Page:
Japan's central bank shocks markets with more easing as inflation slows
By Leika Kihara and Tetsushi Kajimoto
TOKYO (Reuters) - The Bank of Japan shocked global financial markets on Friday by expanding its massive stimulus spending in a stark admission that economic growth and inflation have not picked up as much as expected after a sales tax hike in April.
BOJ Governor Haruhiko Kuroda portrayed the board's tightly-split decision to buy more assets as a preemptive strike to keep policy on track, rather than an admission that his plan to reflate the long moribund-economy had derailed.
But some economists wondered if pushing even more money into the financial system would be effective as long as consumer confidence continues to worsen and demand remains weak.
"It's clearly a big surprise given Kuroda's repeated insistence that policy was on track and assorted politicians have been warning about the negative side of a weak yen currency," said Sean Callow, a currency strategist at Westpac.
"We salute the BoJ for admitting that they weren't going to reach their goals on inflation or GDP, though we do note that the new policy equates to about $60 billion of quantitative easing per month. This perspective does raise the question of just how much impact monetary policy is having."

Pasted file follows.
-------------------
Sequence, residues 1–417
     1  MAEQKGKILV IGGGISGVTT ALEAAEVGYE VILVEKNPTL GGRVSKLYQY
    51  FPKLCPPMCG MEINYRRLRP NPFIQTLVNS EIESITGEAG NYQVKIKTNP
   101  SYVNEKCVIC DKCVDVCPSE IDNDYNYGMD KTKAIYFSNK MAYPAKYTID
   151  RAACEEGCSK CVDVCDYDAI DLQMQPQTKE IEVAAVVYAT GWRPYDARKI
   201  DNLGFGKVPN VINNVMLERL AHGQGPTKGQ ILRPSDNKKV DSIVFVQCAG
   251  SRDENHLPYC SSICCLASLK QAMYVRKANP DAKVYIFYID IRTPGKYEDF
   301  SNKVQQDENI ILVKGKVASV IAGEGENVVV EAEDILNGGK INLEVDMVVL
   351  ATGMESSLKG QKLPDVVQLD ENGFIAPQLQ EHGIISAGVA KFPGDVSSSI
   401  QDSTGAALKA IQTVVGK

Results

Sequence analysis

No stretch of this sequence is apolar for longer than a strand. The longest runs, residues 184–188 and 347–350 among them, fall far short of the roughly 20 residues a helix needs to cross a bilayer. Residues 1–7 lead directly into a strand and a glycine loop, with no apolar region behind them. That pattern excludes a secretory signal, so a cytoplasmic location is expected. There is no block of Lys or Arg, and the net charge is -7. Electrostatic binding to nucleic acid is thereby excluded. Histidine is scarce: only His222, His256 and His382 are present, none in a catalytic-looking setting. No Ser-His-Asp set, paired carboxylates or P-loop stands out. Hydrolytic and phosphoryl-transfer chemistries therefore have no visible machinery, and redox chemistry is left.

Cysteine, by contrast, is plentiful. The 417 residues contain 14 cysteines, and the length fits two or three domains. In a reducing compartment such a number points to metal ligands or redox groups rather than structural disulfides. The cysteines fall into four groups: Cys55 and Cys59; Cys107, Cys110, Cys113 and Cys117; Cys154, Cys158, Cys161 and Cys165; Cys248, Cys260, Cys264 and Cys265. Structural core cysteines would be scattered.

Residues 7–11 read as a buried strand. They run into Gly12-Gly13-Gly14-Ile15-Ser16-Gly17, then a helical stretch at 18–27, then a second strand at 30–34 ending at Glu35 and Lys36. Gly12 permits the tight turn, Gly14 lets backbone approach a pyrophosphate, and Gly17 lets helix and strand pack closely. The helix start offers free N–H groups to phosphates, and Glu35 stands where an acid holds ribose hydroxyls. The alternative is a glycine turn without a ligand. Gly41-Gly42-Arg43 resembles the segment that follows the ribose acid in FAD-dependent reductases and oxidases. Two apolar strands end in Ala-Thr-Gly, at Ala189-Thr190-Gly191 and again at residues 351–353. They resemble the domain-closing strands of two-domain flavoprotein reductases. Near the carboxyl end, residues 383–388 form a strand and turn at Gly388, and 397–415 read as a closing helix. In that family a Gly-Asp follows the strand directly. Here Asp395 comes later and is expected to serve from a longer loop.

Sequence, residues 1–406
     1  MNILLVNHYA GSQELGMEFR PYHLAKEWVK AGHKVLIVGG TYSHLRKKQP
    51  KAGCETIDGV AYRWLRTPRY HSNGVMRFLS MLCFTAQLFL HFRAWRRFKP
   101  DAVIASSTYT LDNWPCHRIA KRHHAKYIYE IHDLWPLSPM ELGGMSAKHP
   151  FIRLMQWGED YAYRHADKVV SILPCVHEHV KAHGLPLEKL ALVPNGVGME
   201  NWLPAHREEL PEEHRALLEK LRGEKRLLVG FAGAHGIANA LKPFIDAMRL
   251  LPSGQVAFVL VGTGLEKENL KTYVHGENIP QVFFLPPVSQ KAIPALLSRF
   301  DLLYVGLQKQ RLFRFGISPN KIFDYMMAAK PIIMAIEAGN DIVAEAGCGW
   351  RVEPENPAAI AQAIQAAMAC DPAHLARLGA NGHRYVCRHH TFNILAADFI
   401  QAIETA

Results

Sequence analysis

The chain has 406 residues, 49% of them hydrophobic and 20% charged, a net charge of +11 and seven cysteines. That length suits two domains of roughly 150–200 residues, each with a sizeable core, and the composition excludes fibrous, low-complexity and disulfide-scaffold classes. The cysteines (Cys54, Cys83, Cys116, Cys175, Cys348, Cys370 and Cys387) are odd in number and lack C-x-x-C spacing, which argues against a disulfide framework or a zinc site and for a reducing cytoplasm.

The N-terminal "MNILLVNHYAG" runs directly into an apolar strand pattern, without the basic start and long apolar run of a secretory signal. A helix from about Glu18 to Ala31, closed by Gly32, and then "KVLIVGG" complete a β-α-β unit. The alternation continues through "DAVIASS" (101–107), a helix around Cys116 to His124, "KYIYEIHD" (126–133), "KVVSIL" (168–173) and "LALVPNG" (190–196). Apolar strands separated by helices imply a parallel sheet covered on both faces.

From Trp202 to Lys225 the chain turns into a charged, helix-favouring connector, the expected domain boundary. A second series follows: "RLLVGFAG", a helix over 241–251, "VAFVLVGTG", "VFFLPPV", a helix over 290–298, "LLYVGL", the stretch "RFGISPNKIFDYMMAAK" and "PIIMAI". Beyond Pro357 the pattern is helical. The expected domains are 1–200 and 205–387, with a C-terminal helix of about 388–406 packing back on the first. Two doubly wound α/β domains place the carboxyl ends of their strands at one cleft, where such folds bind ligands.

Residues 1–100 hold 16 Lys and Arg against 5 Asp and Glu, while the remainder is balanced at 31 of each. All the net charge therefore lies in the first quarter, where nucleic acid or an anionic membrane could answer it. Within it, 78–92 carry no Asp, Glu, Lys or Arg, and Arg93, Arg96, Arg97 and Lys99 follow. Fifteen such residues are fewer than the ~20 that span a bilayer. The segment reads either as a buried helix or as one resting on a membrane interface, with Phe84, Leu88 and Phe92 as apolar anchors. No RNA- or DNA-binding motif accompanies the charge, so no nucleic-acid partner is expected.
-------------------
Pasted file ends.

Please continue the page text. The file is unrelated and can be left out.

The jolt from the BOJ, which had been expected to maintain its level of asset purchases, came as the government signaled its readiness to ramp up spending to boost the economy and as the government pension fund, the world's largest, was set to increase purchases of domestic and foreign stocks.
"We decided to expand the quantitative and qualitative easing to ensure the early achievement of our price target," Kuroda told a news conference, reaffirming the BOJ's goal of pushing consumer price inflation to 2 percent next year.
"Now is a critical moment for Japan to emerge from deflation. Today's step shows our unwavering determination to end deflation." Continued...